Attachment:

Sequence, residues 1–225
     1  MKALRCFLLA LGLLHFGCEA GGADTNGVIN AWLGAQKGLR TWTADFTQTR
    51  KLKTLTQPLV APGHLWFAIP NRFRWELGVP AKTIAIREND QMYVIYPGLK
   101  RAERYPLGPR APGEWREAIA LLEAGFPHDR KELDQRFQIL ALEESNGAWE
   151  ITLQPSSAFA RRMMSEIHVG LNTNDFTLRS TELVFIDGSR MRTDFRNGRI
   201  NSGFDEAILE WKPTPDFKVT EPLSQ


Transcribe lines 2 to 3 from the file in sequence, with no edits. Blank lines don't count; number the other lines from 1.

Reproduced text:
     1  MKALRCFLLA LGLLHFGCEA GGADTNGVIN AWLGAQKGLR TWTADFTQTR
    51  KLKTLTQPLV APGHLWFAIP NRFRWELGVP AKTIAIREND QMYVIYPGLK